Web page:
Therefore, the concept of alien occupation and alien subjugation are very relevant to Tibet. In fact, Richard Falk, Professor of International Law and Practice and Fellow at the Center for International Studies, Princeton University (USA), strongly believes that the Tibet case is stronger than the Baltic Republics' case. Prof. Falk stated that reservations about the application of self-determination are irrelevant in the case of Tibet and the reality of Tibet as a country essentially occupied by a foreign power must be appreciated.

During the UN General Assembly debates on Tibet in 1959, 1961 and 1965, many delegates asserted that the Tibetans formed a distinct people whose traditional autonomy or independence was threatened by the alien rule imposed by China. In 1959, El Salvador denounced the "invasion of Tibet by foreign forces" and New Zealand referred specially to the prohibition against subjecting a people to alien subjugation, domination and exploitation. In 1961, Ireland considered the terms of GA resolution 1514 on the granting of independence to colonial countries and people applicable to Tibet as Tibetans constituted a people subjected to alien subjugation, domination and exploitation. In 1965, Costa Rica considered the situation in Tibet as one of neo-imperialism and called upon the UN to assist Tibet to "throw off the yoke of foreign domination". The Philippines, India, Thailand, Ireland and New Zealand also gave similar statements. These debates, and the 1961 UN General Assembly resolution on Tibet calling for the "cessation of practices which deprive the Tibetan people of their fundamental rights and freedoms, including their right to self-determination", show that the Tibetan question was considered in the context of a distinct people under alien subjugation and domination.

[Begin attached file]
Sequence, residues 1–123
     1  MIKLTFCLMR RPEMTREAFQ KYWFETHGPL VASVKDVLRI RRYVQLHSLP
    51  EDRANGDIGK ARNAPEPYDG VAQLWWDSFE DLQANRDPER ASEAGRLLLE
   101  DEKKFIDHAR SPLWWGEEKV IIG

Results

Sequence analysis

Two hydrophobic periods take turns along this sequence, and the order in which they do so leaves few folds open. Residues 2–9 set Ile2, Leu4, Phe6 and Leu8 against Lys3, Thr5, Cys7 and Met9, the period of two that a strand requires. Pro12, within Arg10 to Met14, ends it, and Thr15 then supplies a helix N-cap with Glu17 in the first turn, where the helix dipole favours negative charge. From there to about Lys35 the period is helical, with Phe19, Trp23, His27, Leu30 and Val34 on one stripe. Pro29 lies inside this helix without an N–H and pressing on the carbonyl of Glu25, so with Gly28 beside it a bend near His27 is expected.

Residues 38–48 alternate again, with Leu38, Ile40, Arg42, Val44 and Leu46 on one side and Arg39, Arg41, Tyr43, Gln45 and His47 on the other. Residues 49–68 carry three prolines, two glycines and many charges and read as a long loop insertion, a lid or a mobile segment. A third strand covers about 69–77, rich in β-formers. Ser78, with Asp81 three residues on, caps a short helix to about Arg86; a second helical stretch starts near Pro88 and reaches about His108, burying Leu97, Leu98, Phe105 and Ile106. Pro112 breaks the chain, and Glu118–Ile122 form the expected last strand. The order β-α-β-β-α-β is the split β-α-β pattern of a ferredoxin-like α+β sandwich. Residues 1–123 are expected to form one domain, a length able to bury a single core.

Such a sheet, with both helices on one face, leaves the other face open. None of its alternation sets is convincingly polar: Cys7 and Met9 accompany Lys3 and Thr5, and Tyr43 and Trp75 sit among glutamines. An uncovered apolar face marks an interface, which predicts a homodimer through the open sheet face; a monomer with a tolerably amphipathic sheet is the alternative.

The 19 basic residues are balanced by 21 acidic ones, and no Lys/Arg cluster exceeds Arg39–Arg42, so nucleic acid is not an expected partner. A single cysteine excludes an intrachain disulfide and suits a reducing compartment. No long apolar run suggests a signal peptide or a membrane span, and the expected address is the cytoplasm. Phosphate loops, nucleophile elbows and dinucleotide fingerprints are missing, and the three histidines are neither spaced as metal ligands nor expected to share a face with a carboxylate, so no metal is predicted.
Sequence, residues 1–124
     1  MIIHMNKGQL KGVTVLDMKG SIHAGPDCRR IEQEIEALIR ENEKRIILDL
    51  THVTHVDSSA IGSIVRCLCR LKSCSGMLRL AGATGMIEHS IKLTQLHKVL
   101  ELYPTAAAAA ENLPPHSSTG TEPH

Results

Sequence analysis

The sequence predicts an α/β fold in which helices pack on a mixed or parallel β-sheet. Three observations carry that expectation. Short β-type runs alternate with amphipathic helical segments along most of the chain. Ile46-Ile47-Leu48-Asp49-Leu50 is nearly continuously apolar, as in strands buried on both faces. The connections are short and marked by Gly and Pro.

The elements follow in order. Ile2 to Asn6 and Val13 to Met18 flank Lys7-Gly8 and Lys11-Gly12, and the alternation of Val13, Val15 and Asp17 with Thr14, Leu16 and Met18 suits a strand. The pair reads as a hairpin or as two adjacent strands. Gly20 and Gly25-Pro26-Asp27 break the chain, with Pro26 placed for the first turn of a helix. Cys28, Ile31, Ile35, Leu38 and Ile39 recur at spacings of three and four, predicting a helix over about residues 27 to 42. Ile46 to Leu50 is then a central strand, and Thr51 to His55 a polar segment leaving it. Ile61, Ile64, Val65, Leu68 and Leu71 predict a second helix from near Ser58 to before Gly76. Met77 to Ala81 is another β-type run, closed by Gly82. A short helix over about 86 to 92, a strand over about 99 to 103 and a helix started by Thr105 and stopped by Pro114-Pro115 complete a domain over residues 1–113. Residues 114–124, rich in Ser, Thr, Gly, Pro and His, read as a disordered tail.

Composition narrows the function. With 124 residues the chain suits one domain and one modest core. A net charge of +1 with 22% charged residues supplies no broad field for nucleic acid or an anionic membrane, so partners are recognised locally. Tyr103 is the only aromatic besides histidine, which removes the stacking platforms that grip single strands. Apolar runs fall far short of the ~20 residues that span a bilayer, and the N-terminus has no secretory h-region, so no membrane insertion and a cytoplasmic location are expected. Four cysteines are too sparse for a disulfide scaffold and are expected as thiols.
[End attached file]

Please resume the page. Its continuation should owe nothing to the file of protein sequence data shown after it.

China's fear of secession and Tibetan Self-Determination

That Tibet was an independent country invaded by the PRC through military force and that its current status under international law is that of a country under alien subjugation remain without doubt. But, more important than the historical position is the popular will of the people, which has now become a new foundation of the political claim or the legitimacy of governmental control over peoples in the modern world. The Tibetan people have frequently demonstrated their will or consciousness through a series of peaceful pro-independence demonstrations in 1959, 1969, the 1980s and 1990s in Tibet. This in itself entitles the Tibetan people to make a legitimate claim to total independence or secession from the PRC.